• On a more serious note, though...

    I really am going to miss them all, especially the ones that gave me a hard time. I don't know why. Call it insanity. Call it Stockholm Syndrome. Whatever. My theory is that I watched them grow over the year. They came in as seventh graders, and they are leaving as high school freshman. That's a pretty significant jump to me. The ones that gave me a hard time were the ones who had the most growing to do, and they did it.

    Even though I was only at the school twice a week, I felt a connection to them and seemingly, they felt one toward me. I invested in them, more than they know, and I got it back in leaps and bounds. Watching them on their honors day on the last day of school made me feel prouder than my own college graduation in December. Crazy, huh?

    Days like the last day of school remind me why I chose to do what I do. I can't wait to do it again (by myself!) in the fall!

    Have a safe, fun Memorial Day!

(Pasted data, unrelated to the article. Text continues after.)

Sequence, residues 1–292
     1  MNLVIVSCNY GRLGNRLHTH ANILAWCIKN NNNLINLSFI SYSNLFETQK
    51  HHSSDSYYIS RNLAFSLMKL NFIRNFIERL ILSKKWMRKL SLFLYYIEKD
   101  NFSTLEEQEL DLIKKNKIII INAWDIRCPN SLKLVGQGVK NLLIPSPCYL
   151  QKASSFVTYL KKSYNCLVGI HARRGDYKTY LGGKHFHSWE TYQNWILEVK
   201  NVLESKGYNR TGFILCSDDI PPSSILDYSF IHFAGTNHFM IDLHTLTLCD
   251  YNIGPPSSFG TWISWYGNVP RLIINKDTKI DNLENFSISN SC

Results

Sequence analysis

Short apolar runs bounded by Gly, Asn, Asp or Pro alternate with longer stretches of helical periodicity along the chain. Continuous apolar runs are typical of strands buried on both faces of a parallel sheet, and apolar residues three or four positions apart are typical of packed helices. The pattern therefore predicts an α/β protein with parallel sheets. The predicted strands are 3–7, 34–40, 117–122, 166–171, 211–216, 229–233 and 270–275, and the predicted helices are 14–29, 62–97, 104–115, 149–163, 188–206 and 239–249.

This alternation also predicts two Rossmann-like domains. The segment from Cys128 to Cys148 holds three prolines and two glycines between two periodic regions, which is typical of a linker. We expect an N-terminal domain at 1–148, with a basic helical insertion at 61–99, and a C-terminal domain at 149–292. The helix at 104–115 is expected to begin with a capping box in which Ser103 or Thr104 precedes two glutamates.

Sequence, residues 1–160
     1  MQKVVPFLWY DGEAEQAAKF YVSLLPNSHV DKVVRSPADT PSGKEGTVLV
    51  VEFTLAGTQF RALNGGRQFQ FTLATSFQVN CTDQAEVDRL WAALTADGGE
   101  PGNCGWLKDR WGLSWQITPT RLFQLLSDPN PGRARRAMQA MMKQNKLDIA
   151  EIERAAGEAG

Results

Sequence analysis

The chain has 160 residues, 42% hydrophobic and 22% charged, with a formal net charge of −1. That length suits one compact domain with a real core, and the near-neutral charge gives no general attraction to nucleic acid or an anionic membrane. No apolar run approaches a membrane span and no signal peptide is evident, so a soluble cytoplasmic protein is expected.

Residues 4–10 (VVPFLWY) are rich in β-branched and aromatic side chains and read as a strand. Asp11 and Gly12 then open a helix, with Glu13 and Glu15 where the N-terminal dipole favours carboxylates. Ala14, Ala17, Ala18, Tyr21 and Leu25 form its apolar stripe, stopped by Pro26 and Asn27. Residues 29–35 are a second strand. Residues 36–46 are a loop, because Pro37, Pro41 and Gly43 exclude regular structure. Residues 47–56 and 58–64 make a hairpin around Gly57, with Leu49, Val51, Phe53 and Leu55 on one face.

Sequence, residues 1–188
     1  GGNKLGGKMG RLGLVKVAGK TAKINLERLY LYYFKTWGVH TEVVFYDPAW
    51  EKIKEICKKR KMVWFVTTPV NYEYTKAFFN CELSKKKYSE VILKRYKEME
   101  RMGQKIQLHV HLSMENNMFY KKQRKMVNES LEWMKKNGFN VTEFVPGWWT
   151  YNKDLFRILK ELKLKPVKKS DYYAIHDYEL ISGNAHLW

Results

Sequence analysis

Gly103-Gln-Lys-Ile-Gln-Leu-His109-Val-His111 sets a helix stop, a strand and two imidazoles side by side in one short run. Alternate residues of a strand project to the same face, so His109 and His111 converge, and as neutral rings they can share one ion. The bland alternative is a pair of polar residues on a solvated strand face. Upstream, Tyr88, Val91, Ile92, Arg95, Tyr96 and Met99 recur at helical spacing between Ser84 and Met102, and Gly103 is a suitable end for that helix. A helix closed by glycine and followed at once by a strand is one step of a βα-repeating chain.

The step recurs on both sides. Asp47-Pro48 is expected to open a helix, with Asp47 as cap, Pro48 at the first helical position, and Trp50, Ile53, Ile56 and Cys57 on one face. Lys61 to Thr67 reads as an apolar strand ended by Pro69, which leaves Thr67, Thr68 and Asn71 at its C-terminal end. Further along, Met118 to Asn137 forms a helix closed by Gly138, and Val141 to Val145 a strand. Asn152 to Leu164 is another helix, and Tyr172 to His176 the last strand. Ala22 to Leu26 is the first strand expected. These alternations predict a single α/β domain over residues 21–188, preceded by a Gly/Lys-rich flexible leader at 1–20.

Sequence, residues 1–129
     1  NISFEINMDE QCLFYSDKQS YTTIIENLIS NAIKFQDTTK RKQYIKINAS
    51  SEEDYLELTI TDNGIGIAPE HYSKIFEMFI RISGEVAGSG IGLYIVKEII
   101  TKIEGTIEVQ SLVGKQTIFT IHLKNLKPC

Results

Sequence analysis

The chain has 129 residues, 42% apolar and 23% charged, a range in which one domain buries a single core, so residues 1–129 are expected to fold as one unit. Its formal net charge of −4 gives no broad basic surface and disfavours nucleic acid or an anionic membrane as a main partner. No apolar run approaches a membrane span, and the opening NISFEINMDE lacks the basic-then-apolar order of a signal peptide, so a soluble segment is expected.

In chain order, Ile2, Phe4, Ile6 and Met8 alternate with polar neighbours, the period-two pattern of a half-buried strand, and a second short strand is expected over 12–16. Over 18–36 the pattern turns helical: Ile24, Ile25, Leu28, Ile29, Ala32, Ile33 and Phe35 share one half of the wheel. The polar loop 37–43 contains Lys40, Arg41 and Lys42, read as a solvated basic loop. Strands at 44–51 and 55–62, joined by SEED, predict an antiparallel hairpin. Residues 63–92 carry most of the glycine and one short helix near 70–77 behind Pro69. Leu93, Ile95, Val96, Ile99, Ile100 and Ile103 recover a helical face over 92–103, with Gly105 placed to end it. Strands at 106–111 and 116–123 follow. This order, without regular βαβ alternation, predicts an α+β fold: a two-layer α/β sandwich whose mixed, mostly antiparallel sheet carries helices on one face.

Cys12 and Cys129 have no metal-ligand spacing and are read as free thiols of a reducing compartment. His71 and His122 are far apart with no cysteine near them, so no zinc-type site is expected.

Tuesday, May 17, 2011

    Thoughts on Charter School Ruling

    For background and the ruling, visit the AJC Get Schooled Blog (click the link for the story).

    Though I'm not a lawyer, I think that this was probably the right decision, legally-speaking. Because I've been following the story for awhile, I've been waiting for this ruling to happen: Charter School Commission is unconstitutional. If I were running on pure logic, I would say that what happened today was good. It's done and over with. All parties involved can just move on. The problem is I'm not running on pure logic, here, which makes me uncomfortable. My day, since hearing the ruling, has been uncomfortable. Here's why.

    In my work as an intern, I've seen behind the curtains of one of these schools. I've seen the daily operations, I've worked with the teachers, and most importantly, I've worked with the students. Sure, it seems like a normal school. A visitor just dropping in to see what the fuss is about would complain that nothing seems out of the ordinary. She would ask what was so special about this place.